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Celebrating Attendance Awareness Month with Teachers & Schools

Catherine is a senior communications professional helping social change organizations tell their story in powerful ways. She has expertise in public health, environmental stewardship, philanthropy and education. Follow her on Twitter @CatBrozena
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Teaching Attendance – Part 3 of 4

As September’s Attendance Awareness Month celebration continues, this week we shift our focus to lifting up the important role that teachers and schools play in reducing chronic absenteeism.

Teachers are essential to creating a warm and welcoming school environment that engages students and families and offers rich learning opportunities. When teachers emphasize the importance of attendance early on in the classroom, they are helping to lay the foundation for good attendance habits for years to come, habits that can have a major impact on a child’s long-term life trajectory.

Teachers can act as advocates within their school communities to raise awareness about the positive impact of good attendance and the negative effects of chronic absenteeism. They are often the first line of sight to identify students that may have poor attendance and intervene on the student’s behalf.

Attendance Works – a national and state-level initiative that promotes awareness of the important role that school attendance plays in achieving success – provides a Teaching Attendance Toolkit that encourages teachers to work with students and families in a number of ways to strengthen attendance. The toolkit outlines three key strategies that teachers can nurture:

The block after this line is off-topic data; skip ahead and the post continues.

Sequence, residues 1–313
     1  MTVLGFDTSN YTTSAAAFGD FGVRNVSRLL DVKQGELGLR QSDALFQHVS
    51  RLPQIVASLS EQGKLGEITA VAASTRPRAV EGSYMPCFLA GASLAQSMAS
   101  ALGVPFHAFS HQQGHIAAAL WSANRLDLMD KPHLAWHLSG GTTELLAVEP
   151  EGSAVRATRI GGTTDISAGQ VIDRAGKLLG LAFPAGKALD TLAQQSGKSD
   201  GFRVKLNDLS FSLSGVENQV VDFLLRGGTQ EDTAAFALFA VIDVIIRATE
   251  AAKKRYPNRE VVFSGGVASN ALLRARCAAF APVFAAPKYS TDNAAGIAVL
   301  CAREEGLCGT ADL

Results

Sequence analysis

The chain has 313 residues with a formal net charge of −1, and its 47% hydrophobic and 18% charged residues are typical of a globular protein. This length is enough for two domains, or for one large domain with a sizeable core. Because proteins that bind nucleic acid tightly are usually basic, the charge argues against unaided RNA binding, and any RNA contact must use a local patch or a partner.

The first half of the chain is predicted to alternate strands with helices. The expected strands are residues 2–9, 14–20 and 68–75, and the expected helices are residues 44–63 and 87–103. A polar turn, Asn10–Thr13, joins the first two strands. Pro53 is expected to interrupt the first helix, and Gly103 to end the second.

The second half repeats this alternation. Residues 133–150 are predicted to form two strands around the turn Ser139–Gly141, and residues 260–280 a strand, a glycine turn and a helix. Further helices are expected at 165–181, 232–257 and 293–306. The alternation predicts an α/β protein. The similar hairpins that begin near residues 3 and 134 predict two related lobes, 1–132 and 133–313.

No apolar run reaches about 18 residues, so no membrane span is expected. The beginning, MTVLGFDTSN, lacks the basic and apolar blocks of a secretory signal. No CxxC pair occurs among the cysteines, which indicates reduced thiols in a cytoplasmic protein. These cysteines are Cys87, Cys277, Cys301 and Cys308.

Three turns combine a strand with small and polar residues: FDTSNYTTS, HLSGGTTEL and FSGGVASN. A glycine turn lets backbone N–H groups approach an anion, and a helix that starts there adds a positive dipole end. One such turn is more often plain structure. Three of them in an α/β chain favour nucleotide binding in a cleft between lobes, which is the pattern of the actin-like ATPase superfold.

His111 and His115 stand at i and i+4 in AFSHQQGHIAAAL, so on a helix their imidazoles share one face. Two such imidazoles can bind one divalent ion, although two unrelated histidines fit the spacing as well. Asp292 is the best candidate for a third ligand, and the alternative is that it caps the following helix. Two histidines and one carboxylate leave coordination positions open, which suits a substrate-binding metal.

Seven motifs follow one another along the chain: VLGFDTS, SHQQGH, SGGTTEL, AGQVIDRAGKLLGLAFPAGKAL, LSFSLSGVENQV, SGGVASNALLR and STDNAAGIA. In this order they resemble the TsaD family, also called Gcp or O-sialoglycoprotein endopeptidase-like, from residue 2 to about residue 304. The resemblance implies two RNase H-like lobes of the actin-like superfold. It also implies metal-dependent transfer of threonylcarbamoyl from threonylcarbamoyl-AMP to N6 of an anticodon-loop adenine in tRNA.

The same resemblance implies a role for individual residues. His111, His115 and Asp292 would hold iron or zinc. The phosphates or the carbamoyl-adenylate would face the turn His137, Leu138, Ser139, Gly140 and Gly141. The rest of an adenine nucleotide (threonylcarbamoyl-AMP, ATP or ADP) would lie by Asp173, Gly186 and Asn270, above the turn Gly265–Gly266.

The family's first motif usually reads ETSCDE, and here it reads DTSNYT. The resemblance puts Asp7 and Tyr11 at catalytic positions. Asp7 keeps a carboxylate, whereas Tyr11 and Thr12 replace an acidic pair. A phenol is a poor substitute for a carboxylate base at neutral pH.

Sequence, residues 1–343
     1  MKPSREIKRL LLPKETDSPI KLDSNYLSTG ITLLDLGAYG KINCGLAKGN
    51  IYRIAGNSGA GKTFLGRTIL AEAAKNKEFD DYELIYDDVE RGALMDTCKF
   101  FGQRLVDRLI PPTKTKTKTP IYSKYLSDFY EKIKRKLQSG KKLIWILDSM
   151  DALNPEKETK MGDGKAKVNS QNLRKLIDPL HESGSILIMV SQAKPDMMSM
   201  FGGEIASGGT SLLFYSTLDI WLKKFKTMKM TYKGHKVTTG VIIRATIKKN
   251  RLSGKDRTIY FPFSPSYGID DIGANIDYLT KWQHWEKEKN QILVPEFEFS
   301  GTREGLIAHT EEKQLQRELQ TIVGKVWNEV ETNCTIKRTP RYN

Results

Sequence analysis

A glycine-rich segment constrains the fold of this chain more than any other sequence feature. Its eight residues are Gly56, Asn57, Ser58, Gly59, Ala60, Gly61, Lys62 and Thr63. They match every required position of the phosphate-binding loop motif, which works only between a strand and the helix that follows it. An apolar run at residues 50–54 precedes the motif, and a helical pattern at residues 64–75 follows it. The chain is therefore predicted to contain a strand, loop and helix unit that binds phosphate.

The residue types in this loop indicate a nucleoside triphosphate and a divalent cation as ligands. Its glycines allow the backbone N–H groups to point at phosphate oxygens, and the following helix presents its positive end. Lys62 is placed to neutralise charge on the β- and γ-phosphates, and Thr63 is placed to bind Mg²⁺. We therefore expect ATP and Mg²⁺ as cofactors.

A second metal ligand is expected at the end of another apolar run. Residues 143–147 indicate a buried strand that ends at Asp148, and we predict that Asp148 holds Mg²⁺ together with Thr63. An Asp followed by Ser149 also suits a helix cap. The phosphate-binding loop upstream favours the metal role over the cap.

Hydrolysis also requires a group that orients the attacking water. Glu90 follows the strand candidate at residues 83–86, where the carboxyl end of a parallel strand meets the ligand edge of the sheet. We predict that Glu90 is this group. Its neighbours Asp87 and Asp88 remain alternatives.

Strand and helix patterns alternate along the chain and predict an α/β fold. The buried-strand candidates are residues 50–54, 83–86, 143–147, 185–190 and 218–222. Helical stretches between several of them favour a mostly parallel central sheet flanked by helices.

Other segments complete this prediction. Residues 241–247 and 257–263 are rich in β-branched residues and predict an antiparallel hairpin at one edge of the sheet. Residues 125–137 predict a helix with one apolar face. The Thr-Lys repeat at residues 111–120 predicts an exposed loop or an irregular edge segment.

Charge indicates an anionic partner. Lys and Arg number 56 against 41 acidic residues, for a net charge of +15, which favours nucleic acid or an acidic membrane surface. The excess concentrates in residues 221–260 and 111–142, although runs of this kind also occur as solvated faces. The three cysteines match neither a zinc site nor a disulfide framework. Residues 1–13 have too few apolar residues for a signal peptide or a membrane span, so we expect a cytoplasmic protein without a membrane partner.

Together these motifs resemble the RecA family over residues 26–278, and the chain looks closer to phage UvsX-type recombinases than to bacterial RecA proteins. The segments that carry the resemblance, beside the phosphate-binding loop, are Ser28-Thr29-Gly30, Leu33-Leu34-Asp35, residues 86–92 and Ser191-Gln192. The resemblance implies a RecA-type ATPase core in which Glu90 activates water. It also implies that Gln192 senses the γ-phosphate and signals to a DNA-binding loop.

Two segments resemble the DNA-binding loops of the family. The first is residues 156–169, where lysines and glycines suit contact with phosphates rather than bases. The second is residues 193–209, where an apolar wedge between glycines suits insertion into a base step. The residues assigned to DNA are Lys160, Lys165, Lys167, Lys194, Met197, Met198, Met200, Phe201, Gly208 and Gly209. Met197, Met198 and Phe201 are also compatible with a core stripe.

1. Emphasize attendance from Day One

It’s important that the value of good attendance (and the consequences of poor attendance) are well communicated to parents and families. Engaging them early on in the school year to help them understand why attendance is so critical can allow opportunities for setting goals and routines in place that can support optimal attendance all year long.

  1. Use parent-teacher conferences to talk about attendance

Most teachers hold conferences with parents and families several times a year. These are ideal times to promote attendance and address any challenges or barriers to attendance that a family may be experiencing.

  1. Promote a culture of attendance all year long

It’s vital to repeatedly communicate the importance of attendance throughout the year and show that you’re paying attention. When teachers are monitoring attendance regularly and reflecting their observations to parents and other school officials, it will help to assure that students who skip school don’t fall through the cracks.

There are a number of helpful tools (including some in Spanish) for teachers and schools to make use of on both the Attendance Works website and Attendance Awareness Month website. We encourage you to visit those sites to learn more about how you can be part of the solution.

Read Part 1 –  Tell Them That Attendance Counts

Read Part 2 – Celebrating Attendance Awareness Month with Parents & Families

Read Part 4 – Celebrating Attendance Awareness Month with Health Care Providers

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